July 31, 2016

Out of South Africa: Pretoria's Nuclear Weapons Experience

Last updated: September 2, 2008


Lt. Col. Roy E Horton

Published by Program in Arms Control, Disarmament, and International Security (ACDIS), University of Illinois at Urbana-Champaign

ACDIS Occasional Paper series
August 2000

Full text [PDF]


The United States identifies the proliferation of weapons of mass destruction, particularly nuclear weapons, as the greatest potential threat to global security in the post-Cold War era. Despite a considerable emphasis in this area, only South Africa has voluntarily rolled back its nuclear weapons capability. (“Nuclear rollback” occurs when a nation eliminates its nuclear weapons, relinquishes at least some of the technical means to acquire nuclear weapons, or accepts a control regime to prevent it from going nuclear.) Unfortunately, South Africa’s actions apparently came in spite of U.S. nonproliferation measures.

The primary focus of this paper is the impact of key South African leaders on the successful development and subsequent rollback of South Africa’s nuclear weapons capability. It highlights the key milestones in the development of South Africa’s nuclear weapons capability. It also relates how different groups within South Africa (scientists, politicians, military, and technocrats) interacted to successfully produce South Africa’s nuclear deterrent. It emphasizes the pivotal influence of the senior political leadership to pursue nuclear rollback given the disadvantages of its nuclear means to achieve vital national interests.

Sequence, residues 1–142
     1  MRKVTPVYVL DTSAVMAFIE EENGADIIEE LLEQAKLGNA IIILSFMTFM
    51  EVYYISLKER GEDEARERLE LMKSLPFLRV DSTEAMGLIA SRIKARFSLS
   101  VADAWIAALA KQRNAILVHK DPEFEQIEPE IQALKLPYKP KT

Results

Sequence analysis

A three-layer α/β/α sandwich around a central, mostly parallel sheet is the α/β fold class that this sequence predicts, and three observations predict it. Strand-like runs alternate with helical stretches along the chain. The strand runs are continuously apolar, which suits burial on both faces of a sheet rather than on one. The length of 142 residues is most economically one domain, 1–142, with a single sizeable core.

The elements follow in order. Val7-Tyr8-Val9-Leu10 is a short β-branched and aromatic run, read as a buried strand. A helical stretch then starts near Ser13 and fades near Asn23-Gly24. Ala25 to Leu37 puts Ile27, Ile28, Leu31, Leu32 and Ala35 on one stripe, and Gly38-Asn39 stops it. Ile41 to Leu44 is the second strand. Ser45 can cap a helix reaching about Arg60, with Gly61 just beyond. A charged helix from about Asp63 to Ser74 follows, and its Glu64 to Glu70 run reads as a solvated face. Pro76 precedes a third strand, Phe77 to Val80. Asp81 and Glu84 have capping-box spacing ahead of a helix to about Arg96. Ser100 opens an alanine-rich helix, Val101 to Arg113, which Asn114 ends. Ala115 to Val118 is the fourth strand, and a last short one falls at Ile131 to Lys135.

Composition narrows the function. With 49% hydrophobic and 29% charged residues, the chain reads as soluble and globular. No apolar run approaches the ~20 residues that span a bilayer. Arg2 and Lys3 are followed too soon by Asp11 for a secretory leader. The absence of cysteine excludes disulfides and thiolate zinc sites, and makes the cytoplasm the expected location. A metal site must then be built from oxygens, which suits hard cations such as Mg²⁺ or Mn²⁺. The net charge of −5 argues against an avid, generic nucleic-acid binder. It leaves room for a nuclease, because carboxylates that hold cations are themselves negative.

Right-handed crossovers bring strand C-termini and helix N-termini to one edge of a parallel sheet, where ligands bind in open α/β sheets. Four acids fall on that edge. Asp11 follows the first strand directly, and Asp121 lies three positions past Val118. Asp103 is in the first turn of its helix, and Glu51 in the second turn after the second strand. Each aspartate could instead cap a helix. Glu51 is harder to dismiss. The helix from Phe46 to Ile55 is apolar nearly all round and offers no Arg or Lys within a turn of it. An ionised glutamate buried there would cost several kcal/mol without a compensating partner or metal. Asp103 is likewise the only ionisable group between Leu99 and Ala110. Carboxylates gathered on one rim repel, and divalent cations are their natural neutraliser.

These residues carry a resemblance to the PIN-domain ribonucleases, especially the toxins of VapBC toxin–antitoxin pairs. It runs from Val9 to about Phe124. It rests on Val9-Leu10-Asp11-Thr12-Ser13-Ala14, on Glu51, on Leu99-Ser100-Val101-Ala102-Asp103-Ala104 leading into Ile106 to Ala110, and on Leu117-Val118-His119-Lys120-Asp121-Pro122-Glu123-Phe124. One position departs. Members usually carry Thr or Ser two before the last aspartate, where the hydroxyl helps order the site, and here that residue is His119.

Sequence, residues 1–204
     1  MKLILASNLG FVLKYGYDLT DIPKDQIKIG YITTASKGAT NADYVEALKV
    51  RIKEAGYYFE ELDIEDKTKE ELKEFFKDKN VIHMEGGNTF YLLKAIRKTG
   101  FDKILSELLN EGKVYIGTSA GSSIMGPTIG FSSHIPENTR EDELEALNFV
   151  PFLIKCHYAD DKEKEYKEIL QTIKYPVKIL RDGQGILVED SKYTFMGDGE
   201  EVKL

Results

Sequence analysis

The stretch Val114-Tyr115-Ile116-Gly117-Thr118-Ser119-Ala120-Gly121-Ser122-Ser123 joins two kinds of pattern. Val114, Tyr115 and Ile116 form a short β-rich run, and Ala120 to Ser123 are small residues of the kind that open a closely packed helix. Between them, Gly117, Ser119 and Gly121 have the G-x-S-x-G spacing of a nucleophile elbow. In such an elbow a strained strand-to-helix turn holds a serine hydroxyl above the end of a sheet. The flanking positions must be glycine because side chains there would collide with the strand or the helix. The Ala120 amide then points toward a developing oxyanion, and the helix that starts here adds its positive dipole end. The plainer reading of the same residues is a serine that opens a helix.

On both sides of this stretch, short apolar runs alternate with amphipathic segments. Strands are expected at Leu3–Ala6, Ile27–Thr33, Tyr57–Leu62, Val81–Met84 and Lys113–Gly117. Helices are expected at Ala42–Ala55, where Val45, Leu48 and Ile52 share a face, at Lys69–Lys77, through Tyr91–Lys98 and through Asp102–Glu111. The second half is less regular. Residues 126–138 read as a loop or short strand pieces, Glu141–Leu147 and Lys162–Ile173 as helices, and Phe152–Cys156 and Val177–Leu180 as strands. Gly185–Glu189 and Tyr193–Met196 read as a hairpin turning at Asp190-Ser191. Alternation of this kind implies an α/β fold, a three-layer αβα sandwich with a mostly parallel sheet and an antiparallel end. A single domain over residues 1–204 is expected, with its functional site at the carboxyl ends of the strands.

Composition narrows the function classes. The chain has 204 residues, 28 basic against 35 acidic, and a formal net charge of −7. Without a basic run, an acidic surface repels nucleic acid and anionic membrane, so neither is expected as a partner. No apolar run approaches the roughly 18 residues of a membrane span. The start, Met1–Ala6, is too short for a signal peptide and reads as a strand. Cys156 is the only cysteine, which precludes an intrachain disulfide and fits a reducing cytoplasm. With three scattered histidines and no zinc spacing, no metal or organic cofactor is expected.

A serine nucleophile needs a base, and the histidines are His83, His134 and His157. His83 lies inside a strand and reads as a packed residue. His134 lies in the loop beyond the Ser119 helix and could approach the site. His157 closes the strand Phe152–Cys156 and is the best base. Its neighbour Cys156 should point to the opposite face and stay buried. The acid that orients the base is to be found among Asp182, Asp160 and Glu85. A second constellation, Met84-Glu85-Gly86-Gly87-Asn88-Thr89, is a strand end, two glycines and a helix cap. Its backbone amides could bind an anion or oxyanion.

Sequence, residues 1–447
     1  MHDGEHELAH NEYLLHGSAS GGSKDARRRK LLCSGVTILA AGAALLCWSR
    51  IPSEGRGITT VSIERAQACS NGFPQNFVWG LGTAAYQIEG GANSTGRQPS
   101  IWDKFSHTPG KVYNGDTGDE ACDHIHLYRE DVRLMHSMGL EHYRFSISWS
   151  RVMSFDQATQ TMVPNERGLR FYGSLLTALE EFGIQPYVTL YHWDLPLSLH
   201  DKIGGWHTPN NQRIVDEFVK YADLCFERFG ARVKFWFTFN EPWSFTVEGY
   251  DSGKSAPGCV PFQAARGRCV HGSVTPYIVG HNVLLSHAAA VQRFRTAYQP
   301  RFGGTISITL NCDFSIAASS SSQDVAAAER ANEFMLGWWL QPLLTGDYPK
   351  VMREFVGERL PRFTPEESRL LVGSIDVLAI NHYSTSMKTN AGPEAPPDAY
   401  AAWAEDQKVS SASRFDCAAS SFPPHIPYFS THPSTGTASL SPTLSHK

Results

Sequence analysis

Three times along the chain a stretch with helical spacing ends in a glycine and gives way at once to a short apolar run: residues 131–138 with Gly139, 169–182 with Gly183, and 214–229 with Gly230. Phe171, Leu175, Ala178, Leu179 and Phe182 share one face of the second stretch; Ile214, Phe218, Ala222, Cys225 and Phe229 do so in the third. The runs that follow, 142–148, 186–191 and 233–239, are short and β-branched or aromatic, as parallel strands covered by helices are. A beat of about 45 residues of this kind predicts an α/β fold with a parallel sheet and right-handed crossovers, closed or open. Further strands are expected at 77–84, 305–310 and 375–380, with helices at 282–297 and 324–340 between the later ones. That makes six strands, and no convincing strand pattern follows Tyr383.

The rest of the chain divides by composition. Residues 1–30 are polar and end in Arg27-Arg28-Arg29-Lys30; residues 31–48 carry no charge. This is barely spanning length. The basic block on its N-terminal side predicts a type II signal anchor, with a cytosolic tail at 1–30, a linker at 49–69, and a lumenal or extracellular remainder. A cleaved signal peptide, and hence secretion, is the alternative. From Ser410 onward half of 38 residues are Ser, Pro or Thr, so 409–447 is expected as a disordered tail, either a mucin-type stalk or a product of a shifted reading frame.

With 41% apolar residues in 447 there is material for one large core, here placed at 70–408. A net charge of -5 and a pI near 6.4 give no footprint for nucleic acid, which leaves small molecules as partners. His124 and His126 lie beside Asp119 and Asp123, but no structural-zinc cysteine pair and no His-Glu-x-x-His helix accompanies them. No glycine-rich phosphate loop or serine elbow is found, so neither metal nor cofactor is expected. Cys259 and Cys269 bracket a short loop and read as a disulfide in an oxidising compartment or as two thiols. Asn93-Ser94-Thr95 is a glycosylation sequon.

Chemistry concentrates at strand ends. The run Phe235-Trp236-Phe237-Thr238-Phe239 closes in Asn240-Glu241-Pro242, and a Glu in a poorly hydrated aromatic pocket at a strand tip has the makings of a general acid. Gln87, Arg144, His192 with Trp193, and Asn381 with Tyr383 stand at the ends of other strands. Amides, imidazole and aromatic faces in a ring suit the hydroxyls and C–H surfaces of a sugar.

The conclusions drawn from this effort are that the South African nuclear program was an extreme response to its own “identity crisis.” Nuclear weapons became a means of achieving a long-term end of a closer affiliation with the West. A South Africa yearning to be identified as a Western nation—and receive guarantees of its security—rationalized the need for a nuclear deterrent. The deterrent was intended to draw in Western support to counter a feared “total onslaught" by communist forces in the region. Two decades later, that same South Africa relinquished its nuclear deterrent—and reformed its domestic policies to secure improved economic and political integration with the West.

Several recommendations are offered for critical review of the above issues to include the need for greater international dialogue and constructive engagement with threshold nations such as India and Pakistan. Nonproliferation regimes can be used to promote mutual verification, transparency, and the resolution of mutual security concerns. More than anything, policy makers must be prepared to assist threshold nuclear states in resolving their core regional security concerns if they wish to encourage states to pursue nuclear rollback.